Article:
HIGH and MIGHTY COLOR / HOT LIMIT / June 25, 2008
01. HOT LIMIT
One of the strangest music videos I have ever seen in my life is for T.M.Revolution’s “HOT LIMIT.” Released ten years ago, the video features Takanori Nishikawa on an orange star-shaped platform in the middle of the ocean, belting out his vibrato-drenched lyrics in nothing but strips of black cloth. Never one for subtlety, Nishikawa’s determination to be androgynous was almost more apparent than the skin on his body as he shimmied and vogued his way into what can only be described as the most interesting screenshots of 1998. Perhaps more intriguing than his outfit is, however, the concept of the video itself, which is more like a video within a video; not only is this creation filmed as it’s filmed, but the viewer is constantly reminded of the deeper, and perhaps, scarier level of self-awareness. For within all of the dramatics of his “feminine” poses is a performance artist completely aware of how bizarre the entire premise of entertainment can reach in order to grab attention (my favorite part is when one of the glass sheets making up the star platform come unhinged). Or so we hope.
Where HIGH and MIGHTY COLOR fail in their interpretation of the single (and for all purposes, I was more than a little bewildered when I queued up the track and realized what it was) is the sheer uninhibited spirit with which Nishikawa always throws himself into during songs, particularly this one. The songs better suited to him are power ballads and the edgier or fast paced rock numbers (which is where the abingdon boys school project works so brilliantly: it’s a band that has finally cornered its vocalist into the perfect niche) where his elan for sheer volume compliments rather than compromises the songs. Maki, the vocalist of HIGH and MIGHTY COLOR, is simply devoid of passion, leaving the lyrics crooned in a sort of light, feminine tone that leaves me disappointed (although I applaud her attempt to mimic the crazy couture [and even some of the dance moves] in both the video and on the cover of the single). The greatest difference between the two is Maki’s apparent use of her sex which kills both the curiosity and sheer bizzarenes of the original (it’s no surprise Nishikawa cited Prince as his biggest influence), eschewing questions regarding sex and gender politics within both the context of the song and its representation in the music video; the outfit is now a skirt, not shorts and there is nothing closeted in her coy smiles, the stereotypical (of her culture) wide-eyed pout, and straddling of a motorcycle. The other band members confuse me as to the direction of the song, never making it quite clear if they’re going for an interpretation or a reinterpretation (the rap at mid-point indicates the latter). Either way, the organic instruments that compose the bulk of the tracking removes another aspect of the synth pop that made up the original; only a song built completely upon plastic can have the audacity to accompany such lyrics as “Fairies make summer come to life” and “My hot lust is like a tornado.”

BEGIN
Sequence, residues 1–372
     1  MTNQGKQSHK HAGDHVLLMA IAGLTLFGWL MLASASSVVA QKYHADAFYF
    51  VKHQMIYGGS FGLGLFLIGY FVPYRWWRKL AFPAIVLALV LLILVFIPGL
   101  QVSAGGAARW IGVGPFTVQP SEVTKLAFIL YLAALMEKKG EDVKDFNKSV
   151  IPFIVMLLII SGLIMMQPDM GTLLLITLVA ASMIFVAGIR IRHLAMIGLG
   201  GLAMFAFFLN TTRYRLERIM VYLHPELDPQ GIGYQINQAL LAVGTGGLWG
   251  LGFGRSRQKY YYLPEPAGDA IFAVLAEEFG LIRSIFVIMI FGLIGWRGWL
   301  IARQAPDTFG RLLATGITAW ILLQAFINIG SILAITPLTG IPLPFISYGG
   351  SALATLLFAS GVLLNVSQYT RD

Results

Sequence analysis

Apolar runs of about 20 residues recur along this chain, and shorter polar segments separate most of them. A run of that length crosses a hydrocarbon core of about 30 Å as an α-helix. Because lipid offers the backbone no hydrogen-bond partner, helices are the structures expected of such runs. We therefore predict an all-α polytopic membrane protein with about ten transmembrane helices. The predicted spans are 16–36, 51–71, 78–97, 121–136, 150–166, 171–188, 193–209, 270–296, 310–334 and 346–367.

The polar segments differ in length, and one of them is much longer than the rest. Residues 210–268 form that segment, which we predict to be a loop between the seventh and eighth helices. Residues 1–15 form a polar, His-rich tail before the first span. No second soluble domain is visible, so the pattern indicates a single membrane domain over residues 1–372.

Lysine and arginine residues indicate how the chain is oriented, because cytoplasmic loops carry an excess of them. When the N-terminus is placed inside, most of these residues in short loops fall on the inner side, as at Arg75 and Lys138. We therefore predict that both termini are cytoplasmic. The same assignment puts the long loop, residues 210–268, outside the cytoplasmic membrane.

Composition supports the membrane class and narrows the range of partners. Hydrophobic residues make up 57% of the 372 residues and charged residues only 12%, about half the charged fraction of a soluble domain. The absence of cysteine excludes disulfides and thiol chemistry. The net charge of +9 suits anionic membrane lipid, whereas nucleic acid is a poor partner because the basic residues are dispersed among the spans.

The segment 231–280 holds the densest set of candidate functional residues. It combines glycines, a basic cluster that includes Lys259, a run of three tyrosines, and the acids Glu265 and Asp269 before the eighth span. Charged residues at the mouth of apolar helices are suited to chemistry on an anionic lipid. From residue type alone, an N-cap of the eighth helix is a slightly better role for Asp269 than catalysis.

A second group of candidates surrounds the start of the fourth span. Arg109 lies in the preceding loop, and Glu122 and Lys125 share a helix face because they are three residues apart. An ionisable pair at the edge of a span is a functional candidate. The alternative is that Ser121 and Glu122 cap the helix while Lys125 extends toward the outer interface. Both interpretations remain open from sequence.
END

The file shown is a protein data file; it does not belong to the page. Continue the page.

The rest of the single is barely worth skimming, as HIGH and MIGHTY COLOR have seized bringing anything new to the table since 2005’s PRIDE (and even then it was HAL’s remix I preferred); “KIRAKIRA Summer” and “MIRROR” don’t even meet their own personal aggressive standard. So far, I’m oh for ten as far as Japanese summer singles go (the disappointments range from Zwei’s DISTANCE to GLAY’s VERB – even T.M.Revolution’s Resonance was an unwelcome break from his school boy alterego). But as Nishikawa managed to find his niche eventually, I suppose HIGH and MIGHTY COLOR might one day realize they’ve already fulfilled theirs.